Tags: business



As a business, you strive to provide your customers with outstanding service. You make your prices affordable. You offer something new, unique, or otherwise desirable. When you hand it to the customer, you expect it to solve their problem. Sometimes, this does not happen. The product may fail to work. It may cause injury to the user. When this happens, your business insurance may offer some financial protection.

Product Liability Coverage

When a product causes loss to the customer, a component of your business insurance may help to pay for that loss. This is a component of your liability insurance. Product liability insurance can also be a rider or additional coverage. It extends your protection here. Your first step is to ensure you have adequate coverage. Speak to your insurer about the types of products you sell. Be sure to discuss the types of risks possible. Once it is in place, your next goal is to know what to do when an incident occurs.

When a Claim Occurs

Your customer calls you. The product you sold to that person did not work. It caused an injury to someone. Or, perhaps the product damaged their home. When you have an individual with a claim like this, you will need to document the details of the incident. Gather as much information about what happened and how it happened. Here are some other guidelines.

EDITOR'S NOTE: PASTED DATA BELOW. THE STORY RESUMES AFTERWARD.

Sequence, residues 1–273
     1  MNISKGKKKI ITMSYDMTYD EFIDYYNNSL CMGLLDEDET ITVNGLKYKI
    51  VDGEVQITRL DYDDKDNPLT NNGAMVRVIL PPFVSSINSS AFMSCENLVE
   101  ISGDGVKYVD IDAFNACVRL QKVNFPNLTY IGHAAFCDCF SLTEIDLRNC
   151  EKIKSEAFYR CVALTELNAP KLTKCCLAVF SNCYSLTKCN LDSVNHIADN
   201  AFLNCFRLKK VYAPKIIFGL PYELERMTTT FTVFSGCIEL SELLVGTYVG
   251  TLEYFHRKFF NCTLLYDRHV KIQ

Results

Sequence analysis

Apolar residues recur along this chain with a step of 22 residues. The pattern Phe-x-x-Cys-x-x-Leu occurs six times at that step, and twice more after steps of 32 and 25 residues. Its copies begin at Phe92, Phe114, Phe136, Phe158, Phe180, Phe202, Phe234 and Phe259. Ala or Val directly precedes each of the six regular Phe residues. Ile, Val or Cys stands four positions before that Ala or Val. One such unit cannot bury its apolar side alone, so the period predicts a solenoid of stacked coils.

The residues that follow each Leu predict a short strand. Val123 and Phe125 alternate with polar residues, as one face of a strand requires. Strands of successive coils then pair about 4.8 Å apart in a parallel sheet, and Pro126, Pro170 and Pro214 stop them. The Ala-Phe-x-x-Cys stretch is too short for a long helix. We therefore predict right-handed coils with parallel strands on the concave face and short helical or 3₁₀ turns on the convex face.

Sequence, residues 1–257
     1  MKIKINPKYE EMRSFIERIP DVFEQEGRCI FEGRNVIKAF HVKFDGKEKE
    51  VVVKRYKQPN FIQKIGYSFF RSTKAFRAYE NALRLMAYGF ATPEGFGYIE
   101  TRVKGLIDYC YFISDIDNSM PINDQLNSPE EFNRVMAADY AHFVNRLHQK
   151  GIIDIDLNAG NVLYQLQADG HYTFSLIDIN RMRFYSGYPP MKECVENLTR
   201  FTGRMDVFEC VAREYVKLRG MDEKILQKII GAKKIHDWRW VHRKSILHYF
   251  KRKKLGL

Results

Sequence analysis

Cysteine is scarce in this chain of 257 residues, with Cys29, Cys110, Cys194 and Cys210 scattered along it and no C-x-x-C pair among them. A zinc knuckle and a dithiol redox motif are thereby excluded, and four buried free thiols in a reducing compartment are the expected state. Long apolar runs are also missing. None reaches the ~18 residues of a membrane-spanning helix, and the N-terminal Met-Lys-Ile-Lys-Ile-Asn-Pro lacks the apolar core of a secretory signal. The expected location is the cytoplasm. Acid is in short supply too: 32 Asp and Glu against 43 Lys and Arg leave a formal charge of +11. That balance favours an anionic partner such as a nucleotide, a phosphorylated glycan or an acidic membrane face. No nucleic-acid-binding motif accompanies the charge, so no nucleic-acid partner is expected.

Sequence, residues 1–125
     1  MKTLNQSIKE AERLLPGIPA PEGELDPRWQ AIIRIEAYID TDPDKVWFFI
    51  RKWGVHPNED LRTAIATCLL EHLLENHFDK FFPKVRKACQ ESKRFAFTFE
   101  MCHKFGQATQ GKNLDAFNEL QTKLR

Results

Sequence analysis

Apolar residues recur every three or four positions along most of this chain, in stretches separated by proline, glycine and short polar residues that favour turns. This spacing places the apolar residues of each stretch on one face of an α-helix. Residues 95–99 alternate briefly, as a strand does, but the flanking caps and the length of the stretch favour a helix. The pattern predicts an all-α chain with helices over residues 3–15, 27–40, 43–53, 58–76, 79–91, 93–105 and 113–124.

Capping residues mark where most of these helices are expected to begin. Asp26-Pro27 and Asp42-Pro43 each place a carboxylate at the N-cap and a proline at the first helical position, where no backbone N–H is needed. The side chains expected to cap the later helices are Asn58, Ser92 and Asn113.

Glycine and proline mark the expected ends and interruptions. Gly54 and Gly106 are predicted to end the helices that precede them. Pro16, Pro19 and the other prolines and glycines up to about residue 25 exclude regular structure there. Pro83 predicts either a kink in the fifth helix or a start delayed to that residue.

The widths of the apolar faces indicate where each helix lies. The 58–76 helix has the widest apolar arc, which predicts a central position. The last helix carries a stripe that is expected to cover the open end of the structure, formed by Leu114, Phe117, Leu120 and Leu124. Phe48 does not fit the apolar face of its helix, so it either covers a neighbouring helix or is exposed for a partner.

• Whenever possible, get the item back from the customer. This is evidence. Your insurer will likely want to have this if possible. Your customer does not have to give it to you, though.
  • Gather the name and contact information from the individual. While you can make statements such as "I'm sorry this happened to you," never say, "I'm sorry our product failed or did this to you." Your goal is to avoid admitting guilt.
  • Gather all information about the incident. If possible, ask for the individual to stop by to provide you with more info.

Then, contact your business insurance agent. They will handle processing the claim. If the claim is not factual or has errors, the agent might help you fix them. However, other agents may not honor incorrect claims.

It is important to make sure your employees know this process as well. Your insurance is likely to pay for the damage if there is reason to believe it was due to an unavoidable and unpreventable product failure. And, your agent will provide you with feedback about what happened. They will help you determine how to file the right claim and make changes for the future. For more information on product liability coverage, our website can help you do your research.

Posted 11:08 AM  View Comments